Republican presidential aspirants often hold up Ronald Reagan as a model. For Democrats, it's Franklin D. Roosevelt or John F. Kennedy. No one cites James K. Polk.
That may change if Rep. Paul Ryan of Wisconsin becomes speaker of the House. Most Republicans assume that the 45-year-old lawmaker, who was Mitt Romney's running mate in 2012, will seek the presidency someday. Only one House speaker has been elected president: Polk, in 1844.
Becoming speaker would shape any future presidential prospects for Ryan, who announced Tuesday evening that he would be willing to seek the job if Republicans made a commitment to unify behind him. "This is not a job I've ever wanted," he said, adding that he wanted an answer from fellow Republicans by the end of the week.
Former Republican Representative Vin Weber, a close colleague of Ryan's, said that despite the singular record of speakers who became president, taking the post would "enhance" Ryan's White House prospects: "How many presidents have been elected from the Ways and Means Committee?"
As speaker, Ryan would be the dominant figure in the party. If he is able to forge and maintain a semblance of unity in the unruly House Republican Caucus, it would be a real achievement.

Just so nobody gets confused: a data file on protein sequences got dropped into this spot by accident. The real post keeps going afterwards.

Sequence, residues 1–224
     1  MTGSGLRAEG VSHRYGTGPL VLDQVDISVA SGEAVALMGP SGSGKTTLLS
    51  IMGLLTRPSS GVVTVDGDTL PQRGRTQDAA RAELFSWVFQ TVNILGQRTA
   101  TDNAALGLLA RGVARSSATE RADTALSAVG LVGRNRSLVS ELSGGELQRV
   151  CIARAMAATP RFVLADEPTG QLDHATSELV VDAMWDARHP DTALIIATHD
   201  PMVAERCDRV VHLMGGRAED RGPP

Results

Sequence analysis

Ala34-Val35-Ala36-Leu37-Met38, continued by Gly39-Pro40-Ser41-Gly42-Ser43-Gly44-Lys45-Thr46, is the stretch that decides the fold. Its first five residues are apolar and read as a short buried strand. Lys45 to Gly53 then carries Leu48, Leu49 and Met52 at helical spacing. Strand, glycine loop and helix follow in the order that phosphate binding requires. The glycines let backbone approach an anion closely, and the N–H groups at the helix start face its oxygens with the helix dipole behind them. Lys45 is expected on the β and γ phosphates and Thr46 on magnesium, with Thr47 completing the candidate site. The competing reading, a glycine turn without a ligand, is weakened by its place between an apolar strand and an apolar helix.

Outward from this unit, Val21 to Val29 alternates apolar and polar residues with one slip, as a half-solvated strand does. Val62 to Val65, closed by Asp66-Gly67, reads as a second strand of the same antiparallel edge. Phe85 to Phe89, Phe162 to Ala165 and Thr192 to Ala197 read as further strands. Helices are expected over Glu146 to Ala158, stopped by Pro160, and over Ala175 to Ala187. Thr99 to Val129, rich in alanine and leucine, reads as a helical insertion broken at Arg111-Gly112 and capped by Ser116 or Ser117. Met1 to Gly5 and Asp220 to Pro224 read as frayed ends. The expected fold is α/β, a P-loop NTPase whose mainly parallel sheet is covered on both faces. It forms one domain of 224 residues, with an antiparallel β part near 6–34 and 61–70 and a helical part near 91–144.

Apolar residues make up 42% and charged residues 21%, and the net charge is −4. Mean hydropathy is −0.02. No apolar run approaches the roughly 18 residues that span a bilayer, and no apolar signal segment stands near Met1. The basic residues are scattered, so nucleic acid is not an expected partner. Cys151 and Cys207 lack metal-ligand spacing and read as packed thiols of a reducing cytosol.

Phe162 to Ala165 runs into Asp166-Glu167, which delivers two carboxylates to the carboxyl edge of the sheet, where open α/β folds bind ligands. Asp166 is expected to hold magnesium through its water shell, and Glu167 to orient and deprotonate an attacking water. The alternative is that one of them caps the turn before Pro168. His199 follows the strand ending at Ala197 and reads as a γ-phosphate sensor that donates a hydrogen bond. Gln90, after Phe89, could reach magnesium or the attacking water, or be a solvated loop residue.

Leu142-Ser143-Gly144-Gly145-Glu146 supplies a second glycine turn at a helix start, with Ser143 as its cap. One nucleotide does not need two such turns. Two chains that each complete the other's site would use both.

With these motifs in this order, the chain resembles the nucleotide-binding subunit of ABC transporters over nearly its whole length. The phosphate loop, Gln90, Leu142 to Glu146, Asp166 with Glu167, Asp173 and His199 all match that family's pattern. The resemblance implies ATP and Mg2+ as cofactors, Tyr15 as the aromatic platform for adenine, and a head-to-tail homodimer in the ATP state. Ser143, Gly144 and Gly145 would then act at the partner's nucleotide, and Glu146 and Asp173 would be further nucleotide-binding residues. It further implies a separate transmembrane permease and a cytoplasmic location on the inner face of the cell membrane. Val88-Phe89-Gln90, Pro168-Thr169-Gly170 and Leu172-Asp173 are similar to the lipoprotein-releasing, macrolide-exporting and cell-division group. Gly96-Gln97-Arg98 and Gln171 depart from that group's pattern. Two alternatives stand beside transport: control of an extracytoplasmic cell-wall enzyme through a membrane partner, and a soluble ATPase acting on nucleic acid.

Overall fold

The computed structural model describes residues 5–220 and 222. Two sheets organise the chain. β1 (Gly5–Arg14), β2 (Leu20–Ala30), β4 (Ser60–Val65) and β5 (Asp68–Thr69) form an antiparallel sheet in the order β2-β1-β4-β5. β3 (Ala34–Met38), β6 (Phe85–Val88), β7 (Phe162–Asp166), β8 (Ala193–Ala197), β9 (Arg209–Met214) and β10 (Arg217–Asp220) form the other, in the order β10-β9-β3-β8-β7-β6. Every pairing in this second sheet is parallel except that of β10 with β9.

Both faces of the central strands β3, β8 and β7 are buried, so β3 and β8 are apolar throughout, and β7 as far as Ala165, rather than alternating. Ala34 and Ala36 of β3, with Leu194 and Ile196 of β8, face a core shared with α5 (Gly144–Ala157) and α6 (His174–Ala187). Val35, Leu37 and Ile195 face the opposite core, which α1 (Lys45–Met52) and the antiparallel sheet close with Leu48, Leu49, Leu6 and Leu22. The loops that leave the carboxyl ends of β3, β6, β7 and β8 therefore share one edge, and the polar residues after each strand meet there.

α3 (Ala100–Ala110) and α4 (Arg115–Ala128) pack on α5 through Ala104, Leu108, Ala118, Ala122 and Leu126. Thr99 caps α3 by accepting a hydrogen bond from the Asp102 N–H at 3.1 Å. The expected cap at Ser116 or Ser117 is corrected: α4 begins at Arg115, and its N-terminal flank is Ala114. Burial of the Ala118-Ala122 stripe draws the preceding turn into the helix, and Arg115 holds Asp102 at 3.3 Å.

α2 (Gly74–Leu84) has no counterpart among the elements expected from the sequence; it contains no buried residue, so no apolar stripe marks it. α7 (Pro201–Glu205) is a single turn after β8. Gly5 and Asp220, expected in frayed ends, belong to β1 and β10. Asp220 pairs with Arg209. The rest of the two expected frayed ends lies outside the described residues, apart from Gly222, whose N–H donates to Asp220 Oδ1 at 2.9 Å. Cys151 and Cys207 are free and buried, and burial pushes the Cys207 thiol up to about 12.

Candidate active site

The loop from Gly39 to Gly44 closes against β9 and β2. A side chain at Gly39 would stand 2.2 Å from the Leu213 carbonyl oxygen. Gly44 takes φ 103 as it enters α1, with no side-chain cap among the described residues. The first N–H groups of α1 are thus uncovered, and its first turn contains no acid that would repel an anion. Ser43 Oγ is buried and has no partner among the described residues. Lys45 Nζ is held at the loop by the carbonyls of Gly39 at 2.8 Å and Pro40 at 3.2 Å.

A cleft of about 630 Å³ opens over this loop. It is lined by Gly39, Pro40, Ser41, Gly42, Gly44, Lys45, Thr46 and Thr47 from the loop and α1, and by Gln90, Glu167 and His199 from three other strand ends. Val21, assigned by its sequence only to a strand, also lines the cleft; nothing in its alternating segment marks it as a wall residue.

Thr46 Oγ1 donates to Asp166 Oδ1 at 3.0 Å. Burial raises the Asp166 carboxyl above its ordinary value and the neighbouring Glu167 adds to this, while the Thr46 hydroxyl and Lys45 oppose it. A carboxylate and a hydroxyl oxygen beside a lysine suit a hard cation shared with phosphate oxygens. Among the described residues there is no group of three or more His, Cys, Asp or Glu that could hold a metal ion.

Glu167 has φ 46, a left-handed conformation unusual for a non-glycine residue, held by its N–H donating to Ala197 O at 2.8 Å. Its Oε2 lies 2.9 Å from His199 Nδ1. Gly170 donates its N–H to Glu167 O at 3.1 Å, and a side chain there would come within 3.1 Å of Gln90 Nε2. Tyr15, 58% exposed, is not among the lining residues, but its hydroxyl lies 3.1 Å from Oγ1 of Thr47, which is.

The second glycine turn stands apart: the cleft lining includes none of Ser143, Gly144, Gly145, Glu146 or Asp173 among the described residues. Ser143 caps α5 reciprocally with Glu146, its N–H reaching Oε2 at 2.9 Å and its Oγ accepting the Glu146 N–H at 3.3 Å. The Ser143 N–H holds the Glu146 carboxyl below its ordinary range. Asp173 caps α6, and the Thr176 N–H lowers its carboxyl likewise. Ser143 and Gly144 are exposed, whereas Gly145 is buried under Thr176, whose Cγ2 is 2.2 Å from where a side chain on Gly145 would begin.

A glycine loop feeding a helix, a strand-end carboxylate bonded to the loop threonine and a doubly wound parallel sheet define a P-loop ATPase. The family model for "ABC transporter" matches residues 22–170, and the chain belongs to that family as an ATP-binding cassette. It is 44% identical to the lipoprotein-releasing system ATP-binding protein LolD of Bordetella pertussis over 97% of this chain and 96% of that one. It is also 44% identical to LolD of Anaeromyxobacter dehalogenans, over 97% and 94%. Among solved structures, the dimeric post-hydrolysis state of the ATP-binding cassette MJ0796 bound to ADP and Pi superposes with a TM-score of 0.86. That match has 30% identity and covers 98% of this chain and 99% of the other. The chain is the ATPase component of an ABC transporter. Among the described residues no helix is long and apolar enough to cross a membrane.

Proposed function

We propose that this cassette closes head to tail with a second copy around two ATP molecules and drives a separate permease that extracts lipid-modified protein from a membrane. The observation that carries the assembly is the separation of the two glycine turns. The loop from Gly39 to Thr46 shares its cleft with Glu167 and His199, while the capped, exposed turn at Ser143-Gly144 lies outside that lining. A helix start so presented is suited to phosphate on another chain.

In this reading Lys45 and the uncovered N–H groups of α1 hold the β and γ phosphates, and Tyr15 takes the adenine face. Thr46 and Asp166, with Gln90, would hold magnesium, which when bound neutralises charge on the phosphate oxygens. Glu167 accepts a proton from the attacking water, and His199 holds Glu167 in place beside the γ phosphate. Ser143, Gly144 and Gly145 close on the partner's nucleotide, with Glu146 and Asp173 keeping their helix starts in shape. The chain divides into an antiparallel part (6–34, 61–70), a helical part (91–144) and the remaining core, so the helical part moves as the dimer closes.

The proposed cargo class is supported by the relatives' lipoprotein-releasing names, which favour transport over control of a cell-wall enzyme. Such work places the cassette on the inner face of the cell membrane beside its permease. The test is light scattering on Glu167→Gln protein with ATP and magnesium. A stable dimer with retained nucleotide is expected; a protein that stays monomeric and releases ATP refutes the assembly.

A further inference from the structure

Yet if he is forced to tilt further right to achieve that goal, it might pose more problems for any subsequent national run.
And if a Speaker Ryan ended up suffering the same fate as John Boehner-- simply unable to manage the disparate party elements in the House -- the job might even be a disqualifier for future ambitions. Much, however, would depend on which party occupies the White House after 2016. If a Speaker Ryan is credited with securing passage of a Republican president's agenda, and helping to shape it, it would be a strong calling card, say in 2024 when Ryan will be 54, the same age as President Barack Obama today.
But if a Democrat is elected next year and Ryan still is speaker, it may be, to cite Yogi Berra, deja vu all over again.
Polk, who many historians rate as a near great president though he only served one term, was speaker for four years, the first two when his mentor, Andrew Jackson, was president. By contrast, his later tenure as governor of Tennessee was a failure. He lost his re-election as well as a later bid. He recouped somehow to win the presidency in 1844.
"His only real political success before the presidency was as speaker," said Robert W. Merry, author of "A Country of Vast Designs," an acclaimed biography of Polk. "He had his detractors but he never shied from controversy."
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